AMSA has produced an excellent short video explaining how to develop a safety management system for fishing vessels. Watch this 16 minute video for easy to understand steps, real-world stories and experiences of why an effective safety management system (SMS) is essential when working in the fishing industry.
Fishing for Safety has been produced via a collaboration between Southern Rocklobster Limited Clean Green Program and AMSA, as part of a broader ongoing project: Southern Rock Lobster Clean Green Program—revision, digitisation and extension across the supply chain.
About the International Safety Management code
The purpose of the International Safety Management (ISM) Code is to provide an international standard for the safe management and operation of ships and for pollution prevention.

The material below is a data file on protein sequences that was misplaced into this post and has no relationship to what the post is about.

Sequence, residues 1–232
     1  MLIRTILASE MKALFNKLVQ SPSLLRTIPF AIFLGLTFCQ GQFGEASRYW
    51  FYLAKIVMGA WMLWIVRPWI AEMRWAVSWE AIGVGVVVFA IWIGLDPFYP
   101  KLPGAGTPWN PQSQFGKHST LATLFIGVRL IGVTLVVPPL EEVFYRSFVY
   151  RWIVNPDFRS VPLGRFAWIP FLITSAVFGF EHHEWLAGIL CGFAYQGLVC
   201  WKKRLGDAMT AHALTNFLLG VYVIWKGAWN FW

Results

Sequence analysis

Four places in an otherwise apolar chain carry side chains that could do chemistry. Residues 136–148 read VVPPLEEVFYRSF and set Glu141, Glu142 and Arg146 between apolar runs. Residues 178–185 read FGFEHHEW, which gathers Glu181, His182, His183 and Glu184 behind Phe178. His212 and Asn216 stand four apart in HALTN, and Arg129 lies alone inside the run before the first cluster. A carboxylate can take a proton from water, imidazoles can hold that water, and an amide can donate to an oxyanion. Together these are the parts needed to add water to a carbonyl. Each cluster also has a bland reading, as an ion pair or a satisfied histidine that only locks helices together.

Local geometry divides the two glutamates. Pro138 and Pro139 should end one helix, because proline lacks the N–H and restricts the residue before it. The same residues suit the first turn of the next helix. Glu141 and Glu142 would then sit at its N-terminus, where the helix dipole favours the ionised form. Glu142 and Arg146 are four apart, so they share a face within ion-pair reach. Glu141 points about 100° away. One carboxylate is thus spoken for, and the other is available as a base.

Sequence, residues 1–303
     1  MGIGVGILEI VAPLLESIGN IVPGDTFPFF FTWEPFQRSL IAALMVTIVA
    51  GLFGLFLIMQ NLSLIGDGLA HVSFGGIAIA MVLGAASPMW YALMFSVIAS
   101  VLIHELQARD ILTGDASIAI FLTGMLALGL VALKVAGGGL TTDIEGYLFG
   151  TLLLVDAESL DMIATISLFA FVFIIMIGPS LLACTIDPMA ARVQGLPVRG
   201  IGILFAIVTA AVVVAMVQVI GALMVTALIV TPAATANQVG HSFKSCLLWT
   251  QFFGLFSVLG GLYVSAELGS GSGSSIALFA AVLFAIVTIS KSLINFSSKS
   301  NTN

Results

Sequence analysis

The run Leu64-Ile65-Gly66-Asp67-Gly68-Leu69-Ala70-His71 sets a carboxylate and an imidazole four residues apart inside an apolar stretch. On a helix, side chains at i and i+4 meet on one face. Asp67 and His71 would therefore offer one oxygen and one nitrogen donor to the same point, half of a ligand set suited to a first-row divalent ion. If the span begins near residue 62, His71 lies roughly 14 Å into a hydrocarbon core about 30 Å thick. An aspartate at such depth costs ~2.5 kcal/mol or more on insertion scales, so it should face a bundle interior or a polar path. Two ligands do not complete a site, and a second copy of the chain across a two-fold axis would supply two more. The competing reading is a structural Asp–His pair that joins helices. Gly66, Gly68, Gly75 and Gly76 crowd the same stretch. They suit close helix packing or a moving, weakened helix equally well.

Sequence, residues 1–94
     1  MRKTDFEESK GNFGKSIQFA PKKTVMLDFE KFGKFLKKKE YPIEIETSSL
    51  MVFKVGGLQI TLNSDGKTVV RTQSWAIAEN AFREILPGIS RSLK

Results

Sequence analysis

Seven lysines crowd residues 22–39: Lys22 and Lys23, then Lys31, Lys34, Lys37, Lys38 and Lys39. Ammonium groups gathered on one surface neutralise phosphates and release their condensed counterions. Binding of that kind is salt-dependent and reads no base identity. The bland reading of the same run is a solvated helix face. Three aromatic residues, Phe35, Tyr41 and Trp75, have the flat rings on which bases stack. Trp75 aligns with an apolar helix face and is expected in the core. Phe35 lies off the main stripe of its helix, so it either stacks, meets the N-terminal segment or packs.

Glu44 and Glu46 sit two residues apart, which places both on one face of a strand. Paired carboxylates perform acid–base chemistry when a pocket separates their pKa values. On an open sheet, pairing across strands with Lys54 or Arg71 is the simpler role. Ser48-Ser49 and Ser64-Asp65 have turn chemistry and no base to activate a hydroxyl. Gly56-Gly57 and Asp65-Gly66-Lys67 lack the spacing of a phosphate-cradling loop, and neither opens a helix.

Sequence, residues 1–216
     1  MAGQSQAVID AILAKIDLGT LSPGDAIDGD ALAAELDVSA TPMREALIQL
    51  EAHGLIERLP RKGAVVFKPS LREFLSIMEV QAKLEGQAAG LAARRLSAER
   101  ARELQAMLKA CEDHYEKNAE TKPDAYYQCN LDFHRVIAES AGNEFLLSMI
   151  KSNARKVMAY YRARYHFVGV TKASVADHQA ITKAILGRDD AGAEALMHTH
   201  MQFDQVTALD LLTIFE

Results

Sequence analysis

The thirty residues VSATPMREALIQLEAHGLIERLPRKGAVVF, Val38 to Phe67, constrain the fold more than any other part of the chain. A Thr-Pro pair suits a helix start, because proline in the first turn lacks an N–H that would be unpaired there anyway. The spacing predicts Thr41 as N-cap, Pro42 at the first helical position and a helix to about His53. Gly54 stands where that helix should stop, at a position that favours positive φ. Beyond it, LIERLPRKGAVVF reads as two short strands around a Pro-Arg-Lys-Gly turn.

The Code’s origins go back to the late 1980s, when there was mounting concern about poor management standards in shipping. Investigations into accidents revealed major errors on the part of management, and in 1987 the IMO Assembly adopted resolution A.596(15), which called upon the Maritime Safety Committee to develop guidelines concerning shore-based management to ensure the safe operation of ro-ro passenger ferries.
The Code establishes safety-management objectives and requires a safety management system (SMS) to be established by “the Company”, which is defined as the owner or any other organization or person, such as the manager or bareboat charterer, who has assumed responsibility for operating the ship and who, on assuming such responsibility, has agreed to take over all duties and responsibility imposed by the Code.
The Company is then required to establish and implement a policy for achieving these objectives. This includes providing the necessary resources and shore-based support.
Every company is expected “to designate a person or persons ashore having direct access to the highest level of management” in order to provide a link between the company an those on board.
The procedures required by the Code should be documented and compiled in a Safety Management Manual, a copy of which should be kept on board.